הני מילי מילתא דתליא בסברא רבה בר בר חנה אגמריה סמך

The Gemara responds: This statement, that it is unseemly for a halakhic authority to rely on his own ruling to permit the meat, applies only to a matter that depends on reasoning. Rabba bar bar Ḥana relied on his learning, i.e., a received tradition. There is nothing unseemly about relying upon a received tradition.

ותיפוק ליה משום חשדא דתניא דן את הדין זיכה וחייב טימא וטיהר אסר והתיר וכן העדים שהעידו כולן רשאין ליקח אבל אמרו חכמים הרחק מן הכיעור ומן הדומה לו

The Gemara objects: But let one derive that Rabba bar bar Ḥana should not have purchased the meat due to suspicion, as it is taught in a baraita: If one issued a judgment, acquitted or convicted, deemed impure or pure, prohibited or permitted; or if witnesses testified with regard to a case, in all of these instances the judges or witnesses are allowed to purchase the item that they deemed permitted. But the Sages said: Distance yourself from unseemliness and from things similar to it. If so, Rabba bar bar Ḥana should not have purchased the meat that he himself permitted.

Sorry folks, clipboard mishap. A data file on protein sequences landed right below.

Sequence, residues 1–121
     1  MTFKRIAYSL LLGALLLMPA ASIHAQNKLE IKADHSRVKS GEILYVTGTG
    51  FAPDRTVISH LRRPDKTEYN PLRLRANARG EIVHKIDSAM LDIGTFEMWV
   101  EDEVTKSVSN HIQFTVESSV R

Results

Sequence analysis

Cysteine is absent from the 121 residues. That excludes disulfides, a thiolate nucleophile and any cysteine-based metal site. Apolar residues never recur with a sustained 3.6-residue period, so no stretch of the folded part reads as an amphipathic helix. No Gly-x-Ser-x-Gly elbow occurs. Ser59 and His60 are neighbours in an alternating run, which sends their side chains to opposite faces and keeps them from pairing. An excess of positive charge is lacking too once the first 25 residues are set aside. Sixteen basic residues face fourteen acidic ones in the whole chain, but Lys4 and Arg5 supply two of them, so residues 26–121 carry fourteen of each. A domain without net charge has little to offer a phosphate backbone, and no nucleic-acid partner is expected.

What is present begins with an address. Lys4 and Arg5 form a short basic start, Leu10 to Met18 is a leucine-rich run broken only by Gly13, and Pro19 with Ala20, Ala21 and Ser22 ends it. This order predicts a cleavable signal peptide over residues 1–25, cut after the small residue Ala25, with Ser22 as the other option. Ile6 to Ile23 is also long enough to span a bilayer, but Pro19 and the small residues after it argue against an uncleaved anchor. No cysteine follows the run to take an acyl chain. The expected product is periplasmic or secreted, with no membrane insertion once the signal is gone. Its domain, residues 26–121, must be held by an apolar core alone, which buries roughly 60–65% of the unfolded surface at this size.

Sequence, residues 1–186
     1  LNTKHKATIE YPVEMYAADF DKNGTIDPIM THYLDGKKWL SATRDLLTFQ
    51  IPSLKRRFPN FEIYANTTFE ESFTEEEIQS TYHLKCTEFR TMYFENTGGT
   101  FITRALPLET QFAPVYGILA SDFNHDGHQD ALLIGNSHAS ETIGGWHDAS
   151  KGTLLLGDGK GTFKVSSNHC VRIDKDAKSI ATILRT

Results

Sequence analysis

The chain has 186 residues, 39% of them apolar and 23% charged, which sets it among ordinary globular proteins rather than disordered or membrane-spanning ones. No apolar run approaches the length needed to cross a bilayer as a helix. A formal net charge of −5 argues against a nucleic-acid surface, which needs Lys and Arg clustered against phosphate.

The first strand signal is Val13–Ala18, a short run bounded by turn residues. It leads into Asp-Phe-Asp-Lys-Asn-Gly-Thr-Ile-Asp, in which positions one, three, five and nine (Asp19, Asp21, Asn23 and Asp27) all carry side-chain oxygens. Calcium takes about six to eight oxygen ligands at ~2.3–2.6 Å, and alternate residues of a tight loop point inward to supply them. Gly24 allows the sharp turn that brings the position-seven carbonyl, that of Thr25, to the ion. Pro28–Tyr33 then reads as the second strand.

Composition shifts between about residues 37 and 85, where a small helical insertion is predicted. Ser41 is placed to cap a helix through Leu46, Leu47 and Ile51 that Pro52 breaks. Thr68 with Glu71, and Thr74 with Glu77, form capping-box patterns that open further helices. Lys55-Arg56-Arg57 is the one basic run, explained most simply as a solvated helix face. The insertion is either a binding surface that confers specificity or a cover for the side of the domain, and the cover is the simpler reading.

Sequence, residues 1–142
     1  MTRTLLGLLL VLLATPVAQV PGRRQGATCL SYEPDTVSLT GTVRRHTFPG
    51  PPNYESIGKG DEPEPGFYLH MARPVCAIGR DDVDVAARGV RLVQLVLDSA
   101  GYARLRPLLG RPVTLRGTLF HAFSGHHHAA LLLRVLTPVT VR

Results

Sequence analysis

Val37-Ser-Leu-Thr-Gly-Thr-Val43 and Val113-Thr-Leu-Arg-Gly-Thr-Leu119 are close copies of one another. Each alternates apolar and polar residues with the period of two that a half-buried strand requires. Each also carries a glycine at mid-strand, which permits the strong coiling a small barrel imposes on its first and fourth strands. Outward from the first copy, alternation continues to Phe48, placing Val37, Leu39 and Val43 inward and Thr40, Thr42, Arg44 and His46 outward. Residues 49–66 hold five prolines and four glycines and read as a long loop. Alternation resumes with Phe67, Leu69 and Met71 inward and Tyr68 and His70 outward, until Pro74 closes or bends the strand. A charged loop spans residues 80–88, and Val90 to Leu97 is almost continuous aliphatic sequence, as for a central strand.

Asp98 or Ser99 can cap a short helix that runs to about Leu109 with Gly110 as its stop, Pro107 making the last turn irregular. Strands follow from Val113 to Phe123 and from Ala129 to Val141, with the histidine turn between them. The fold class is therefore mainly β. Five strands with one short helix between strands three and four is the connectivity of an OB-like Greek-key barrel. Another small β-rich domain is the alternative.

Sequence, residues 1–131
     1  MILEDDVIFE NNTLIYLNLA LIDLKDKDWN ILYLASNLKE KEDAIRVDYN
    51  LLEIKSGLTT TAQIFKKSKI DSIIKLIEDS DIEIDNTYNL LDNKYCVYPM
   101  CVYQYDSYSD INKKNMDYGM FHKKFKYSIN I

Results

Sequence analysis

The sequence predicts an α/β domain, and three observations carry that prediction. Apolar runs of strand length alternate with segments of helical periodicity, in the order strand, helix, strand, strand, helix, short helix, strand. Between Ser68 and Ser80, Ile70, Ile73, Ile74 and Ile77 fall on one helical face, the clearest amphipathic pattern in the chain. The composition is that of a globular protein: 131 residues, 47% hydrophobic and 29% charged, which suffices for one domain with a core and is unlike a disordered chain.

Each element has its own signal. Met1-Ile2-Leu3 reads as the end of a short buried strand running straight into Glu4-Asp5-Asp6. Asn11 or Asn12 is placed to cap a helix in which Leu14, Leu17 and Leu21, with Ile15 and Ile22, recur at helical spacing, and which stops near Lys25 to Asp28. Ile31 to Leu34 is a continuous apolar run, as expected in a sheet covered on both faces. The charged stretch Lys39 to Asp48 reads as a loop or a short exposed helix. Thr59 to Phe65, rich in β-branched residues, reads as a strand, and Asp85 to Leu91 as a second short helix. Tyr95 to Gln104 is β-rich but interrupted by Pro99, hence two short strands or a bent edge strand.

ה"מ מידי דמזבין משומא הכא מתקלא מוכח כי הא דרבה שרא טרפתא וזבן מינה בישרא אמרה ליה בת רב חסדא אבא שרי בוכרא ולא זבן מיניה בישרא

The Gemara responds: This statement applies only to an item that is sold based on an appraisal of its value and not by standard measure. In such cases onlookers might suspect that the judge is receiving a favorable price in return for his judgment. But here, the weight of the meat proves that the judge is not receiving a discount, but is paying the standard price. This is like that incident where Rabba permitted a possible tereifa for consumption and bought meat from it. His wife, the daughter of Rav Ḥisda, said to him: Father permitted a firstborn animal, declaring that it possessed a blemish that renders it permitted for consumption, but did not buy meat from it. Why are you acting differently?